Hatfield House, Hertfordshire
It was no surprise that the 2020 Folk by the Oak was cancelled, but more of a surprise that this years was able to go ahead, albeit with reduced ticket numbers and the usual Acorn Stage for newer acts removed to allow more space for distancing. So I was that on a blazing day in July we headed for a field in the grounds of Hatfield House near Welwyn Garden City for the novel experience of enjoying live music in the company of several thousand like minded people. I think it could catch on.
The 2020 lineup all signed themselves up for a like-for-like bill this year, though in the end Richard Thompson couldn’t manage the date. His spot was filled by The Young ‘Uns who were in turn replaced by festival compere Jim Moray after one Young ‘Un succumbed to Covid. In addition, Sam Sweeney was in a car crash the night before as he was going home from a gig, and although he says he was more shaken than hurt a glance at the state of his car on his FB page will be all you need to confirm that he’ll need some time to recover. Best wishes to both men for a speedy return.
Given the strength of the Sun and the length of the day we passed on the first two acts, The Bookshop Band (seen them before and found them insufferably twee) and Katherine Priddy whom I know nothing about. It was the Sam Sweeney slot by the time we had set up our chairs and heard that due to his accident he was to be replaced by Jack Rutter. I found Jack, along with Kitty McFarlane who followed and Jim Moray who followed her, agreeable enough if a bit harmless. It takes a lot to hold the attention of a large field with just an acoustic instrument, and although all three passed the time pleasantly I can’t say I remember much other than some of Kitty’s introductions about life on the Somerset levels. Considering the other two hadn’t been expecting to perform at all until right before the festival it’s to their immense credit that they gave as good a show as they did.
Things livened up a bit when the bands started to appear, starting with Skinny Lister. They were a bit rusty, understandable as like many acts this was their first show since 2019, but a drum beat, chanted choruses and accordion solos (where most bands would have a fiddle) can stir even the most laid back audience. Not that much though. It was immensely hot and most people stayed nailed to their chairs throughout the day, topping up on fluids and sun screen.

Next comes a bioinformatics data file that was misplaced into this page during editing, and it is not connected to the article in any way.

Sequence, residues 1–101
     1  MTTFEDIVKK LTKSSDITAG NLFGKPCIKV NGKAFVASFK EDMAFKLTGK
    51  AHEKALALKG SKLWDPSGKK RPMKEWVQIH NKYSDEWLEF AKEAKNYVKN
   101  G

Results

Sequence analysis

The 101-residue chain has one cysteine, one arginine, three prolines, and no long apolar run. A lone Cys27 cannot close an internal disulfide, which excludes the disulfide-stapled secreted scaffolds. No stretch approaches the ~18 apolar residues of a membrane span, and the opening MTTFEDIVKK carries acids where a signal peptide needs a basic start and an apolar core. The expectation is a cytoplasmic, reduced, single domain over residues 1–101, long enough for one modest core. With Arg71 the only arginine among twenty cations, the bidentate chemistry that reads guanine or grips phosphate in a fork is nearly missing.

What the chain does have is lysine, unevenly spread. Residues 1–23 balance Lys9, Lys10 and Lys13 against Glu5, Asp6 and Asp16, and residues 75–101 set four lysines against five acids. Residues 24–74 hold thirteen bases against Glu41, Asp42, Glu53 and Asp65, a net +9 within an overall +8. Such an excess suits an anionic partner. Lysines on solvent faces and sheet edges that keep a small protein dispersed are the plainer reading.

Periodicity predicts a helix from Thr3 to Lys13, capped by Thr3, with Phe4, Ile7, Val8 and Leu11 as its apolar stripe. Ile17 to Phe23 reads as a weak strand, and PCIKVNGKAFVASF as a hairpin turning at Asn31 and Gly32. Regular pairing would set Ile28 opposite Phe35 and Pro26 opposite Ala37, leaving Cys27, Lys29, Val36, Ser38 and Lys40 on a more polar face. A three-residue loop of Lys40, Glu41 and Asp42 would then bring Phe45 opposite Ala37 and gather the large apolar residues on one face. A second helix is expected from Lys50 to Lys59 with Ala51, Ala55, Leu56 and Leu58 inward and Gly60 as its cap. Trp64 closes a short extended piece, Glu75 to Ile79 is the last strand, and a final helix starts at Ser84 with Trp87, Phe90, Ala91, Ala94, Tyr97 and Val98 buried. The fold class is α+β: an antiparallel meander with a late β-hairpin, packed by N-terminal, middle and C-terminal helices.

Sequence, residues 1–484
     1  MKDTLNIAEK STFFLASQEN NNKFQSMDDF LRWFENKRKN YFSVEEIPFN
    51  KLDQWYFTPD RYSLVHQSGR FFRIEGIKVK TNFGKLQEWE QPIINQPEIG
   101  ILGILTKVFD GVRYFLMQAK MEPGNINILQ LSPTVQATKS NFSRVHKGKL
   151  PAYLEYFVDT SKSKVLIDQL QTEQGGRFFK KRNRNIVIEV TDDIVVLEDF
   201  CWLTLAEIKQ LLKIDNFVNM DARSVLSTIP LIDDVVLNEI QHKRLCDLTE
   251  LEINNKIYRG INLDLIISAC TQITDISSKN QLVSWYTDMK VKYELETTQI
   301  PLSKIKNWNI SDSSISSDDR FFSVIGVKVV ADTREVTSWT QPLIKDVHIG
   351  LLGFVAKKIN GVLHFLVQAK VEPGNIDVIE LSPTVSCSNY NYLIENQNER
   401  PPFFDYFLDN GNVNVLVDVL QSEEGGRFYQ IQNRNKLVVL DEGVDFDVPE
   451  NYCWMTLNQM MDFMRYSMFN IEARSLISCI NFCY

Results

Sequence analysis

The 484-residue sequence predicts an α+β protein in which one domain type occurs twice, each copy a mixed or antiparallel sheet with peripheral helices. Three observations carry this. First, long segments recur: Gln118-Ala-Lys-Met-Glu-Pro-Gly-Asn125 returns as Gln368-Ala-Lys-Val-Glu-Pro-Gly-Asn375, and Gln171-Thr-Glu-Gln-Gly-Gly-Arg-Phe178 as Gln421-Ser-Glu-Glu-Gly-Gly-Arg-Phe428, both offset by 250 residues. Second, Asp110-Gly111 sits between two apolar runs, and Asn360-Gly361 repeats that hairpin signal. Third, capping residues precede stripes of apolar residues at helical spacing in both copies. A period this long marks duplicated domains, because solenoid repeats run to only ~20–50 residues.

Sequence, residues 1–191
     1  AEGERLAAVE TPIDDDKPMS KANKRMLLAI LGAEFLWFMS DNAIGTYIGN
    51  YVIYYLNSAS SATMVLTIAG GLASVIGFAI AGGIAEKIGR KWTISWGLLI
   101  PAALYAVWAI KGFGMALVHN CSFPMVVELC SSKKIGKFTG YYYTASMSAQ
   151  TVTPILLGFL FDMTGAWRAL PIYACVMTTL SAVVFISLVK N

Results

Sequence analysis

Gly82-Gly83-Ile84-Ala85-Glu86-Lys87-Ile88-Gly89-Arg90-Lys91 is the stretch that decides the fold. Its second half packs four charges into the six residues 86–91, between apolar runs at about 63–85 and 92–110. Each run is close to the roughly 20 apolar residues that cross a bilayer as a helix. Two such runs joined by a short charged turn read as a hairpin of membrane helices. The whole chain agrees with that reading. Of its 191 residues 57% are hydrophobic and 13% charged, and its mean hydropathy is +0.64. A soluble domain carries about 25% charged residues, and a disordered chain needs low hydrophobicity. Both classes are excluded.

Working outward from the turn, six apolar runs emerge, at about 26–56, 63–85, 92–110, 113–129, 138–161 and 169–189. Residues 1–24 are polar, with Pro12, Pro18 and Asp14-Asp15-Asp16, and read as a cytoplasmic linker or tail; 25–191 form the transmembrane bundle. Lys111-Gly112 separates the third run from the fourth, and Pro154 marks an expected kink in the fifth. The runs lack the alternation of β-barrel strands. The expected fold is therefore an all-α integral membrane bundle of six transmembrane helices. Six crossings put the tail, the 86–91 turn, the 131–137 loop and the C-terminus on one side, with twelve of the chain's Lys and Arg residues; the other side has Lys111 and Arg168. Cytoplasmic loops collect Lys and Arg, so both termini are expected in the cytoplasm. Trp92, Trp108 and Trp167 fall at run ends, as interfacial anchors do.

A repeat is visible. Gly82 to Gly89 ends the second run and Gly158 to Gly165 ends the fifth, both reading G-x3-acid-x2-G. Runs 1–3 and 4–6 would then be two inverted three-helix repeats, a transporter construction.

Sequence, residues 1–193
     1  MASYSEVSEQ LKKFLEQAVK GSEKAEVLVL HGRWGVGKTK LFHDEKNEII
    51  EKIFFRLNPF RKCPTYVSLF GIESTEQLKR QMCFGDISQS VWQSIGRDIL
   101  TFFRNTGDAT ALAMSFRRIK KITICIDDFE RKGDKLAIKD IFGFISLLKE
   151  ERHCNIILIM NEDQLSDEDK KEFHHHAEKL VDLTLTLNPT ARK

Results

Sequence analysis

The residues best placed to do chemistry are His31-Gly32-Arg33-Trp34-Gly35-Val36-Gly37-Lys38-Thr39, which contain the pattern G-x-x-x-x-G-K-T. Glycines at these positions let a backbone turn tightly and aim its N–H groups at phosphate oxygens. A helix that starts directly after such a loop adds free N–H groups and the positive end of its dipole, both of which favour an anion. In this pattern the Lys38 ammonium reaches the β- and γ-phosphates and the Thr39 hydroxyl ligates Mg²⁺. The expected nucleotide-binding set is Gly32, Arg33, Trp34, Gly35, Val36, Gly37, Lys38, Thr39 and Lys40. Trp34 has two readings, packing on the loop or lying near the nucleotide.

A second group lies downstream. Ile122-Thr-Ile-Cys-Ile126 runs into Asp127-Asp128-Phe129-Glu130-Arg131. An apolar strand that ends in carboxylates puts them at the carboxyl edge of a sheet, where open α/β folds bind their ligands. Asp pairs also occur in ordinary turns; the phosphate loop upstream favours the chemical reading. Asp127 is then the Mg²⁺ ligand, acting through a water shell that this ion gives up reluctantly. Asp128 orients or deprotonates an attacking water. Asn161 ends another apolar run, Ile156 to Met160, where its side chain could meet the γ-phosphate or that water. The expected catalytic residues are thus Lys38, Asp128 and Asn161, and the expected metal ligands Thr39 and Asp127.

Next up was the highlight of the day as Kate Rusby hit the stage in wonderful voice and with her usual charm. The set was built around her recent collection of covers, so as well as some familiar folkie tunes we got songs by Bob Marley, The Bangles and Taylor Swift (‘That is just WRONG’ was the verdict of the teenage girl next to us on the last of these) as well as the theme tune to The Littlest Hobo. Kate can be a little ‘Live Laugh Love’ but she was head and shoulders the best act of the day here.
After Kate left so did a huge number of the audience. I’m guessing around a third of them packed up and headed home before the headliner. I haven’t seen anything like it since the crowd mobbed the exits before The Corrs headlined The Fleadh in Finsbury Park many years ago. I guess Seasick Steve wasn’t folkie enough for their tastes.
I’d never seen Steve before, but the set confirmed what I thought from the CD or two I have picked up from charity shops since I heard was going to play FBTO. He made a wonderful racket but so far as I could tell played the same song for his whole set, and although a guitar tech handed him a new instrument after each tune the only real difference I could tell was with-slide or without-slide. His only accompaniment was a drummer with a beard even more luxuriant than his own. After an hour we made our own way back to the car and headed for our hotel in Welwyn Garden City and a welcome shower.
Immensely well behaved. We generally abided by the request to mask up when moving around he field, even if that seemed a bit much in the open air, and scrupulously observed the request to take rubbish home with us. Something I have noticed at FBTO before is that I didn’t see a single person smoking. I don’t just mean there was no waft of weed, but I didn’t see any tobacco either. I remarked on this to The Light, who scanned the crowd for smoke signals then commented, ‘Is every person here white?’ It was certainly not a multicultural gathering.
It made me think..
There’s nothing quite like sitting in the sun enjoying music with thousands of others and a bottle of Malbec (me only – The Light was driving) to make you feel that (almost) all is right with the world.